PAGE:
In the late 1800s the castle was briefly used by the Transylvania forestry department. After 1918, Transylvania became part of Greater Romania. On December 1st 1920, the citizens of Brașov, through a unanimous decision of the city’s council, led by Mayor Karl Schnell, offered the castle to Queen Maria of Romania, who was described in the deed as “the great queen who (…) spreads her blessing everywhere she walked, thus wining, with an irresistible momentum, the hearts of the entire country’s population”. The Castle became a favourite residence of Queen Maria, who restored and arranged it to be used as a residence of the royal family.
But thanks to Bram Stoker, Bran Castle is inexorably tied up with the personality of Vlad Țepeș, meaning Vlad the Impaler. I had the feeling Vlad III had been received a lot of bad press and been scapegoated. It was just a feeling, but turned out to be correct. I got the following information from an interview with Florin Curta, a professor of medieval history and archaeology at the University of Florida. Vlad III was given the name Dracula because his father, Vlad II, had been inducted into a knightly order, the Order of the Dragon, by King Sigismund of Hungary in 1431. This earned Vlad II a new surname: Dracul. The name came from the old Romanian word for dragon, “drac.” His son, Vlad III, would later be known as the “son of Dracul” or, in old Romanian, Drăculea, hence Dracula. In modern Romanian, the word “drac” refers to another feared creature — the devil. The Order of the Dragon was devoted to a singular task: the defeat of the Turkish, or Ottoman Empire. Situated between Christian Europe and the Muslim lands of the Ottoman Empire, Vlad II’s (and later Vlad III’s) home principality of Wallachia was frequently the scene of bloody battles as Ottoman forces pushed westward into Europe, and Christian forces repulsed the invaders.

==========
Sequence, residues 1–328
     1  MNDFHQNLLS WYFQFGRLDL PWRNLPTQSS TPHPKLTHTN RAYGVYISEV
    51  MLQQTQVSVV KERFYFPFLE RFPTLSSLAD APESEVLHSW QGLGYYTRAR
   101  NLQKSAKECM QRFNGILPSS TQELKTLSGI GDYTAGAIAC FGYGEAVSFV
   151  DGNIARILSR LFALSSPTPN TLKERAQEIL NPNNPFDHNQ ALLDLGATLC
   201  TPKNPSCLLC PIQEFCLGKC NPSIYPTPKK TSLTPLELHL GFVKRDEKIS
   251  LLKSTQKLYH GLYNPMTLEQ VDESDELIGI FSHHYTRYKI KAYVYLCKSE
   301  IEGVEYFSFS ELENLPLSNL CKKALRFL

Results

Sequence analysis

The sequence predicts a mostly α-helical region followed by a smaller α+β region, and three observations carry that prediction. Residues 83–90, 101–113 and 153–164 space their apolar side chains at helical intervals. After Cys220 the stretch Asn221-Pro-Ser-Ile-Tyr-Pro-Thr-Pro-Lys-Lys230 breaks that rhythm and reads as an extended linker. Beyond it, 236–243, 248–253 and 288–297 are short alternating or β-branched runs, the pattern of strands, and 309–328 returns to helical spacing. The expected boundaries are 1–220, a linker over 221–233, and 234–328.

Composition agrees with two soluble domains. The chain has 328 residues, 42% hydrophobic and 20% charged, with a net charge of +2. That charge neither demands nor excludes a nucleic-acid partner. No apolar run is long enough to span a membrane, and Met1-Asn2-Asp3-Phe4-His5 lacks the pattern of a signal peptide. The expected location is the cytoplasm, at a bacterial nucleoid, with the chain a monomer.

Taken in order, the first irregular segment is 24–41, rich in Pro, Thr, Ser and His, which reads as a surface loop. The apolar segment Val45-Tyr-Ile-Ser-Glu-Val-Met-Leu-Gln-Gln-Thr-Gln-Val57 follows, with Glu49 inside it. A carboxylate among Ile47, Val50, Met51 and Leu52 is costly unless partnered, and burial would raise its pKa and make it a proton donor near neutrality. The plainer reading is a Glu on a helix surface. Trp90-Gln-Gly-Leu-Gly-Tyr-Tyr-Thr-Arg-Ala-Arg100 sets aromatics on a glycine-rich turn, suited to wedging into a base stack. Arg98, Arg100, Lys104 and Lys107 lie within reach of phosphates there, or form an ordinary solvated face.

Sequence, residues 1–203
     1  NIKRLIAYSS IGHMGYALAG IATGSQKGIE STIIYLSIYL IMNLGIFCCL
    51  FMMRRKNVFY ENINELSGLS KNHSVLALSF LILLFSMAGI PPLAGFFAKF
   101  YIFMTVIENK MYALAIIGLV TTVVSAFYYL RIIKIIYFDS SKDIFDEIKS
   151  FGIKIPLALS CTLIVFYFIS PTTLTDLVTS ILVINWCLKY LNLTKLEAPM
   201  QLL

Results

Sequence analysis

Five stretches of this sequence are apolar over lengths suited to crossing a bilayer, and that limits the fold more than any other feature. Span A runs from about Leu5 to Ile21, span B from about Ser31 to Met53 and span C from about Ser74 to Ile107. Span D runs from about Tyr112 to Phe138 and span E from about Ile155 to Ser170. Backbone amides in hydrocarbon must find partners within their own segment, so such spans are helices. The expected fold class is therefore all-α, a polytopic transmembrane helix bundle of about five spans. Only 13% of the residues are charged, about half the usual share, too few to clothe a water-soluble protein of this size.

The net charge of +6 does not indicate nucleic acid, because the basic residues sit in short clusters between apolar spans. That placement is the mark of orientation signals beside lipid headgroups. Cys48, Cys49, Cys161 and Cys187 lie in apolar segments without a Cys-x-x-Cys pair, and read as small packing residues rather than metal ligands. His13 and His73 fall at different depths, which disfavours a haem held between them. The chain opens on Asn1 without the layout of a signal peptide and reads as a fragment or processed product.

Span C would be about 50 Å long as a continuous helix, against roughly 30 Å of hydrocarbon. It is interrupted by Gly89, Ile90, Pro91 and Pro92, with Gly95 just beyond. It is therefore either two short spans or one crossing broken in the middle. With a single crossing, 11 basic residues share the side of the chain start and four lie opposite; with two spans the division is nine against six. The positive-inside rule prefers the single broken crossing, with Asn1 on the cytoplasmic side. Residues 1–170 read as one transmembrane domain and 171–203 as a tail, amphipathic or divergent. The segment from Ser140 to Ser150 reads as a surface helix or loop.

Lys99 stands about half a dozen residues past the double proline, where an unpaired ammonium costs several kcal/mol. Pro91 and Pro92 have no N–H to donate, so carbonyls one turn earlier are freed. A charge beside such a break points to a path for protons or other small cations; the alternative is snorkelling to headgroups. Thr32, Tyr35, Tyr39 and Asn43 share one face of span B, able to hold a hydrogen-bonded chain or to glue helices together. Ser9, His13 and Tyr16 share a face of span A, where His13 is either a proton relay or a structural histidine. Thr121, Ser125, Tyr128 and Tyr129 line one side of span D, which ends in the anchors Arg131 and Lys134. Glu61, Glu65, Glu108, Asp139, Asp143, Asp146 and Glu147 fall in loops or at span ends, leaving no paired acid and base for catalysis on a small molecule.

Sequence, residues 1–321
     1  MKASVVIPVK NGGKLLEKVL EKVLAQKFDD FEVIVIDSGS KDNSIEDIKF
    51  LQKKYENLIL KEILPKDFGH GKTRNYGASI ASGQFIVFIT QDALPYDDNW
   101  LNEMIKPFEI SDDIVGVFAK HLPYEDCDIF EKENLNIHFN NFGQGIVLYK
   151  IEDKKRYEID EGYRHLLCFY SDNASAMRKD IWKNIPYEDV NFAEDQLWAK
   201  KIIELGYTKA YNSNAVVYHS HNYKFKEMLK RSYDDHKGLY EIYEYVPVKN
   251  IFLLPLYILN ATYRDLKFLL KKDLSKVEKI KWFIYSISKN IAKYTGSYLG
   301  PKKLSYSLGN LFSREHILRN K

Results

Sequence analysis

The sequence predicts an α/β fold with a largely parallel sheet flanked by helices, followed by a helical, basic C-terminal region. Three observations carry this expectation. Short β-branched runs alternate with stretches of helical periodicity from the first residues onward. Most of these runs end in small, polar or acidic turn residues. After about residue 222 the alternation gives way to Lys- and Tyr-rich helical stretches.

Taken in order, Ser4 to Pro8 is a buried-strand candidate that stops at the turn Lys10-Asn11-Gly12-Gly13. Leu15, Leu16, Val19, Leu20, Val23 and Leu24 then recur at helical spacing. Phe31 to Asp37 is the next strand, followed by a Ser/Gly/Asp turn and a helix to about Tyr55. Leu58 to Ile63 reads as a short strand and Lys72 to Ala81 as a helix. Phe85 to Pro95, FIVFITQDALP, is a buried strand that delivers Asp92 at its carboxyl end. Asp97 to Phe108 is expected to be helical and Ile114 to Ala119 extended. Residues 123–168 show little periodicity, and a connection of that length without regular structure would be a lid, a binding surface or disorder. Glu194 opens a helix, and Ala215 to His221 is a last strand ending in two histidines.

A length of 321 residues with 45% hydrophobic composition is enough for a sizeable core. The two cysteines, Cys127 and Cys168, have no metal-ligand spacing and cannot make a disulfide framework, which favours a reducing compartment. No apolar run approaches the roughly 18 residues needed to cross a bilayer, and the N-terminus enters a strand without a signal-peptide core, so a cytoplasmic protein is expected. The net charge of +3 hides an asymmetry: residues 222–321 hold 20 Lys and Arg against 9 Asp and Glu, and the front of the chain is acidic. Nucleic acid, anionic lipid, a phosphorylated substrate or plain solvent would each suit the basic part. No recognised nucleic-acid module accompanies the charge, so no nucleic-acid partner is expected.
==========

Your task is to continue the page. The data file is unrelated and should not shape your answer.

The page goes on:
When Vlad II was called to a diplomatic meeting in 1442 with Sultan Murad II, he brought his young sons Vlad III and Radu along. But the meeting was actually a trap: All three were arrested and held hostage. The elder Vlad was released under the condition that he leave his sons behind. “The sultan held Vlad and his brother as hostages to ensure that their father, Vlad II, behaved himself in the ongoing war between Turkey and Hungary,” said Elizabeth Miller, a research historian and professor emeritus at Memorial University of Newfoundland in Canada. Under the Ottomans, Vlad and his younger brother were tutored in science, philosophy and the arts. Vlad also became a skilled horseman and warrior, according to Radu Florescu and Raymond McNally, former professors of history at Boston College, who wrote several books about Vlad III — as well as his alleged connection to Stoker’s Dracula — in the 1970s and 1980s.